Username formats (domain\username, [email protected], etc)

How do you handle slight differences in username format for internal business sites that are all at the same domain?

Examples:
playground.company.com requires username format “company\username”
store.company.com requires username format “company.com\username”
job.company.com requires username format “[email protected]
school.company.com requires username format “username”

Because it’s the same domain and the same account, there is only one password. And before you get into a security tizzy, let me repeat myself - it’s one account with one password. The problem is that the login pages for various services require the username in slightly different formats and often do not accept the username in a different format.

I’ve found a few workarounds so far but none of them are perfect and I’m mostly curious A) if there’s a better built-in way to do this than what I’ve found and B) if there’s a workaround someone else has found that works better for me.

Workaround #1
Set the username to just the username and the domain to the base domain. You’ll have to modify the username on some sites but at least with autofill on that’s a lot less characters you have to type.

Workaround #2
Create a unique login for each username variation and then use regex URI detection to specify exactly which subdomains apply. Biggest downsides here are that you have to update the password in several BW logins each time and it’ll register as a “reused password” in security reports.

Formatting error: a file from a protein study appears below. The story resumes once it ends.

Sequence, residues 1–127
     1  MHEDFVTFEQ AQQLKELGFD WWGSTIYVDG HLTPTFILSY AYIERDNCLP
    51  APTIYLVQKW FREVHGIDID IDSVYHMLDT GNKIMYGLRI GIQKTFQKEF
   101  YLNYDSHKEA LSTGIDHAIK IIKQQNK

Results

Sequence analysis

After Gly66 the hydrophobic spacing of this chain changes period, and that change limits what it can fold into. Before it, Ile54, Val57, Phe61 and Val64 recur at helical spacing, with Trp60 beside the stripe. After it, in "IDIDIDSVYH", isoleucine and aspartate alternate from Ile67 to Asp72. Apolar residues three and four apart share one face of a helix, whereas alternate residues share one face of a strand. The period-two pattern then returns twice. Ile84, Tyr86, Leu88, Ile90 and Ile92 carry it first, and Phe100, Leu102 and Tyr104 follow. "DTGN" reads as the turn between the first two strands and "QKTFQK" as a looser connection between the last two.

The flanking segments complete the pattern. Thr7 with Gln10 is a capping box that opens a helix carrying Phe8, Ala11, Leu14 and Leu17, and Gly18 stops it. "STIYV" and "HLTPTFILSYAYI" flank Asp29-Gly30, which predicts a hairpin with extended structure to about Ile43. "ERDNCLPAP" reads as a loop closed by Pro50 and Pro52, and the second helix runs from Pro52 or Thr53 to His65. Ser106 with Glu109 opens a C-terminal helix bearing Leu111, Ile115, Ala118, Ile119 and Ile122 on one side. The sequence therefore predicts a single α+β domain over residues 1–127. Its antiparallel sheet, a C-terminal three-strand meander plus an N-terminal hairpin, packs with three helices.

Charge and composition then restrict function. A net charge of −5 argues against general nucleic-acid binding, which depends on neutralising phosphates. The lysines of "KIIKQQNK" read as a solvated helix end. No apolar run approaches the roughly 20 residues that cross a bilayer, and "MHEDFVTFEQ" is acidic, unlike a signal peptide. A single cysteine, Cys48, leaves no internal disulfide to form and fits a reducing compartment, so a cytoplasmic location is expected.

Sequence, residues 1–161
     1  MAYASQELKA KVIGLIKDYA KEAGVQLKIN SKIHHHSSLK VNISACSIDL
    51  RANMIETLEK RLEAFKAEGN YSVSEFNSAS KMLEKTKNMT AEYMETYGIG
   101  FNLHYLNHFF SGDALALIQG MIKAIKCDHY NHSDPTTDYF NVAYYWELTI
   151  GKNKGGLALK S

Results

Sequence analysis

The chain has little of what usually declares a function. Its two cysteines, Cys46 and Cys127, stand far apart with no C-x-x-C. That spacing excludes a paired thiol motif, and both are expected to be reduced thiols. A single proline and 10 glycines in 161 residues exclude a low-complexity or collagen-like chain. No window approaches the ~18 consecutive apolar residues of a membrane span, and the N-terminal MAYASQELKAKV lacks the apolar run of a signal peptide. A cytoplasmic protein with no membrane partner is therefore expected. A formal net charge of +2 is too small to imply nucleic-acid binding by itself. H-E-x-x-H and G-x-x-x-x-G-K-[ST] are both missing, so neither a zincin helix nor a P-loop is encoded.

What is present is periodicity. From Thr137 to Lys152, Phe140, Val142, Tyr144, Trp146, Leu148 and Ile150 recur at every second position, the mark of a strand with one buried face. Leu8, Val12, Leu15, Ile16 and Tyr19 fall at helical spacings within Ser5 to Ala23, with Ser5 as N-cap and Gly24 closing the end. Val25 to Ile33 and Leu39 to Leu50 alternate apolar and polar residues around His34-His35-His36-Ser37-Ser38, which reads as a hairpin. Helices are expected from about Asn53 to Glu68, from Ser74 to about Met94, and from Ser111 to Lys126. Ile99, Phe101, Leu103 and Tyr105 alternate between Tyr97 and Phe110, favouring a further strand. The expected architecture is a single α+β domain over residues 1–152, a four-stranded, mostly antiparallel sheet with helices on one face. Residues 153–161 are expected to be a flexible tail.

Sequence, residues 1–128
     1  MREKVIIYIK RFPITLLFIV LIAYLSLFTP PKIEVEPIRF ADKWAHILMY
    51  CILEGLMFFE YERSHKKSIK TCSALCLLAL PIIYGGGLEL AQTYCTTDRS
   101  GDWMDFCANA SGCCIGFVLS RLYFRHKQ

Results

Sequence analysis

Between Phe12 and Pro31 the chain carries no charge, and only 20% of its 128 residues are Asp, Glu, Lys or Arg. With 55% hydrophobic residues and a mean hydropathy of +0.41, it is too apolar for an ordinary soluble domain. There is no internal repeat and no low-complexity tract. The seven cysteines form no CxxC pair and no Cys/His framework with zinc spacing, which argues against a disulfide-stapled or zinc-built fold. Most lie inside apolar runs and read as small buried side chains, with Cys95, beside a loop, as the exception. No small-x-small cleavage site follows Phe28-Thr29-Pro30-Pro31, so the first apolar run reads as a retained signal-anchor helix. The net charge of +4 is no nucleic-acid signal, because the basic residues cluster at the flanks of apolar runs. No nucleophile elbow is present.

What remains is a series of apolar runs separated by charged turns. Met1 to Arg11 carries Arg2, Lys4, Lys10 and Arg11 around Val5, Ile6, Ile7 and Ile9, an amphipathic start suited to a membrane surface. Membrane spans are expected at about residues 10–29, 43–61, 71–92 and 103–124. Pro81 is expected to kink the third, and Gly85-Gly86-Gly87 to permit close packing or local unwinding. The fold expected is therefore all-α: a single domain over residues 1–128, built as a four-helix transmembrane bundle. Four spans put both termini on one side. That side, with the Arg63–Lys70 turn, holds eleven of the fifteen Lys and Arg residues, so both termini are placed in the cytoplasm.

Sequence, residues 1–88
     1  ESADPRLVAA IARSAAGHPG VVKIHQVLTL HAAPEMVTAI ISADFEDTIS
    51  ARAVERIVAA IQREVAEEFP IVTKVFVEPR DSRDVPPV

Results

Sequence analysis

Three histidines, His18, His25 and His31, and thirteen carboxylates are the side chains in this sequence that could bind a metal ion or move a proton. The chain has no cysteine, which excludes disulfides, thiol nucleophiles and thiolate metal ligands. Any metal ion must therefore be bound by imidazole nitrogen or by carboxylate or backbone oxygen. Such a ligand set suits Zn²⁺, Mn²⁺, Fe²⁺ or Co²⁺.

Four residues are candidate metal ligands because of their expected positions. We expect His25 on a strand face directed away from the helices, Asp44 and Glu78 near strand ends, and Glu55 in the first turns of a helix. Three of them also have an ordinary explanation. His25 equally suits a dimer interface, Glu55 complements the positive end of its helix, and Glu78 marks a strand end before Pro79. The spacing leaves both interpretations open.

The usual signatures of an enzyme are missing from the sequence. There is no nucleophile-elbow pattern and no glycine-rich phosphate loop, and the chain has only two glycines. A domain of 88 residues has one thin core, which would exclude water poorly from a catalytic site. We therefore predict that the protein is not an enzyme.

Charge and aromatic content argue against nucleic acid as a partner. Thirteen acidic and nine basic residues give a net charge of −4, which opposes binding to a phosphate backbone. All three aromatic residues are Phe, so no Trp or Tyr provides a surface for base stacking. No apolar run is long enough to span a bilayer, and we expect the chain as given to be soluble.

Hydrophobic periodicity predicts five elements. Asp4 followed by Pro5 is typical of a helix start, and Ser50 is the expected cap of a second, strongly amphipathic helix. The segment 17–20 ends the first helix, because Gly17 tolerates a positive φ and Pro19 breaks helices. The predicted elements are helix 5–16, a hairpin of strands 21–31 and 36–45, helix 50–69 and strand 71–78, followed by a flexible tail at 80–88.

Workaround #3
Create a unique login for each username variation but use base domain matching and disable autofill. Each site will show multiple logins that you’ll have to choose from the extension dropdown but two clicks isn’t that bad. It’ll also still register as a “reused password” in security reports.

That is a very tough problem, @jsh - and I think you have identified the best workarounds. I don’t think there is an elegant way to solve this in Bitwarden, unfortunately.

If I had to choose the least intrusive and most reliable method, personally I would be tempted to go with your Workaround #1. It has the advantage of maintaining your credentials in only one login item, so there will never be confusion or failed logins arising from not keeping multiple logins current and in sync. But that depends on how frequently your company requires you to update your password. If it is very infrequently (say once a year) or not at all, then I would go with a variation of Workaround #2 where I use Host URI matching or Starts With URI matching (not REGEX).

Where I work, I am lucky because our Active Directory authentication and the logins to our federated servers basically all accept the ou\username login format, so Workaround #1 is what I currently do. But #2 would be my preference if I had to constantly use different formats. Cheers!

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